With a beta release of Drupal 8 just around the corner, and a library of modules that need a stable port (or at least a beta release) on release day, now is the time to get your learning underway and dive in.
A brief look at this chart from the Drupal 7 development cycle makes the effect of available contrib on core uptake really clear. If we as a community can ensure contrib is ready when Drupal 8 is released, then everyone has a greater incentive to jump in!
One of my favourite ways of learning and rapidly spreading ideas to many is to run a Hackathon. The amazing thing about Hackathons in general is twofold:
- Meeting with like-minded and passionate people who share a genuine desire to further themselves and Drupal;
- The sheer concentrated brainpower in one room, conducive to leaps in development.
What I experienced at the CI&T Hackathon in Campinas, Brazil was another great example of these.
Starting early on Thursday 26th June, the gathered attendees split off into six groups, each headed by a more experienced sensei. The aim of this Hackathon was to both increase the CI&T developers' grasp of Drupal 8 and get some modules ported while we were at it.
For the first hour, both myself and fellow Acquia technical consultant, Hernâni Borges de Freitas, presented an overview of Drupal 8. Not only are there new features to learn about, but also differences from Drupal 7 that are important to know about as module developers. With a collection of homegrown examples and code from the pants module, we were able to cover info.yml files, routing, configuration management, extending classes in Drupal 8 to leverage core, debugging tips and entities.
With this brief injection of Drupal 8, the attendees set about creating teams and deciding on their targeted contrib module to port. Each team was headed up by a senior CI&T developer to act as sensei and guide the learning of the team. Guiding the senseis was the job of Hernani and I. Acting as floating resources, we were on hand to unblock issues and provide both information and inspiration!
After consulting with each team and advising on module choice the teams selected the following to port from Drupal 7 to Drupal 8:
- Security Kit
- Language Icons
- Comment RSS
- 403 to 404
- Flood Control
- Filter Allowed Protocols
- Login Security
The choice of module was carefully considered and each selection adhered to a set of guidelines the Acquia team provided. Our end goals as Hackathon mentors were that all attendees helped port a module and all attendees learned without feeling overwhelmed. We recommended the teams choose modules that all members had used previously; the familiarity would save valuable development time by removing the need to work out how the module worked.
Additionally, while ambitiousness is by no means a bad quality, the teams only had around 12 hours to fully port their chosen modules. With this in mind, we recommended against larger projects and advised more for smaller, yet diverse modules to give each team exposure to as many new Drupal 8 features as possible.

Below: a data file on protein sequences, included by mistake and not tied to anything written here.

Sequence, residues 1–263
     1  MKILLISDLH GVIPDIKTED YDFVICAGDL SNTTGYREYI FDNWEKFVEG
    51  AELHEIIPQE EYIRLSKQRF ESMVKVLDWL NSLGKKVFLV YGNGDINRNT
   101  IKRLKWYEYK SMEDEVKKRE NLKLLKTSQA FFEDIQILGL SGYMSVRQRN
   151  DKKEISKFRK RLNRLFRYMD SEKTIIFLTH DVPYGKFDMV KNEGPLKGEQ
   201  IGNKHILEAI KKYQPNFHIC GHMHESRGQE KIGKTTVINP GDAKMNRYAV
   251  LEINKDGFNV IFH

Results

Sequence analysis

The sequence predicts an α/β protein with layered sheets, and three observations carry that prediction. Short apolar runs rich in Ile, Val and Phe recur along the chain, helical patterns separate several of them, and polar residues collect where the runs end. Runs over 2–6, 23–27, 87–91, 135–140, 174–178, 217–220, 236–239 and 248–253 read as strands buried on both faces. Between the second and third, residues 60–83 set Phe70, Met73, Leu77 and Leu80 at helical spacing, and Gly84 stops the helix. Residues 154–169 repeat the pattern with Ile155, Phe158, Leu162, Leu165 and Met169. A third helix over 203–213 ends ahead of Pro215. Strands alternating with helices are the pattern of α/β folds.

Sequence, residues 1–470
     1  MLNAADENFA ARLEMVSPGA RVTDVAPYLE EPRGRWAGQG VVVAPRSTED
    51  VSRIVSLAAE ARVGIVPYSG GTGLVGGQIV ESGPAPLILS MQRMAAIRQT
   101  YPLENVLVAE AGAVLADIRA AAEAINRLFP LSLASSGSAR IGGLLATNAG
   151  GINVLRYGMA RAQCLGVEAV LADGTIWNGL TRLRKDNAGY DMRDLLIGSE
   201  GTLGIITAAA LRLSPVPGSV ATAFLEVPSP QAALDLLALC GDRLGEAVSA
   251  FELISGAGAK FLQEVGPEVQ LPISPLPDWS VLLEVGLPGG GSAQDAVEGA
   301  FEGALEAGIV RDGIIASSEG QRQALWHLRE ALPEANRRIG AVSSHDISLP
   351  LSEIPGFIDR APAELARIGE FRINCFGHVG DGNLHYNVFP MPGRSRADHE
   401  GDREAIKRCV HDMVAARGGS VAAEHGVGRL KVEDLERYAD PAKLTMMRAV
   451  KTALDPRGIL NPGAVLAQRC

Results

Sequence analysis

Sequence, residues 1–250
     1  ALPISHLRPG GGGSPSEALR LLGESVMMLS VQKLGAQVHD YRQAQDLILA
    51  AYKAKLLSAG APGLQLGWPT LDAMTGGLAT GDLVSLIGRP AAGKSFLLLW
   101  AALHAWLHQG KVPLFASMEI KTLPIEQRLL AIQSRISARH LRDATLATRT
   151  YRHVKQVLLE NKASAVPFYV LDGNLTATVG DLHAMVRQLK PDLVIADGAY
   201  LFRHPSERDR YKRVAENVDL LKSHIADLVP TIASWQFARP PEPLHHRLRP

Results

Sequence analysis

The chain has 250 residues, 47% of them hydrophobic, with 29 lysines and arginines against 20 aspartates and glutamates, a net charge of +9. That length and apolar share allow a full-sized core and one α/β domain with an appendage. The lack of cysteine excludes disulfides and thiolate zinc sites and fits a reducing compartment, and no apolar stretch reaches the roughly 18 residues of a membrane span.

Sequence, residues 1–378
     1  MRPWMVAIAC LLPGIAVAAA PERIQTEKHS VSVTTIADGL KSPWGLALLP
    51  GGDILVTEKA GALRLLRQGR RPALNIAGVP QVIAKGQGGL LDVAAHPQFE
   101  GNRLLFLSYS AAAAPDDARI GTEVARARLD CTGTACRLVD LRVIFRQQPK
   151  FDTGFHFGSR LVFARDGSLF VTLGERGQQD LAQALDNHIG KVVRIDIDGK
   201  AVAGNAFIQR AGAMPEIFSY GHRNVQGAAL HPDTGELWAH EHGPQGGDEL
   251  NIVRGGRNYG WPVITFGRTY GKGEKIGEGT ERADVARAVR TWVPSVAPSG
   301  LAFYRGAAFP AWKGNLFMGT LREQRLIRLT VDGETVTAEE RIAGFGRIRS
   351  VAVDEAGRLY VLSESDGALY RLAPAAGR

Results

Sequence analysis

With the modules selected, each team started to discuss module architecture, identifying tasks and key features that would be involved in the port. Prior to the Hackathon, the CI&T team had introduced us to a number of the different development methodologies they use day to day on projects. It was fascinating to watch each team continue to follow these methodologies throughout the sprint.
The main techniques I observed were Agile and Dojo. For those unfamiliar, the Dojo technique limits each team to one computer and 15 minute coding stints. Each team member spends their allotted time at the keyboard with the rest of the team either providing knowledge or absorbing information; this ensures potential distractions are reduced and allows for kinesthetic learning where each team member gets a go rather than be limited to just watching.
At the end of a day and a half of near constant hacking, the teams had managed to port seven modules to Drupal 8. To do so in such limited time is impressive by anyone’s standards and puts a good dent in the number of projects that needed the upgrade. After convening to discuss efforts we were proud to announce team’s Seckit and Login Security as joint winners. Not only had they teamed up on important contributed modules, but they’d done it in an inclusive manner where everyone learned. Overall though, we were really proud of the effort everyone attending put in.
As a Drupal 8 advocate, it’s my aim to spread the love of Drupal 8 to as many in the community as I can wherever in the world they are! Inline with this, it’s my hope that by empowering the CI&T Brazil team with Drupal 8 knowledge, they’ll be able to take on the roles of mentors themselves and spread that knowledge further.
In addition to the noise I make about the importance of getting an early edge on the latest and greatest Drupal, the D8CX initiative headed up by Lee Rowlands (larowlan) is something to follow. A cousin of the D7CX initiative, D8CX aims to provide promotion and assistance to port contributed modules.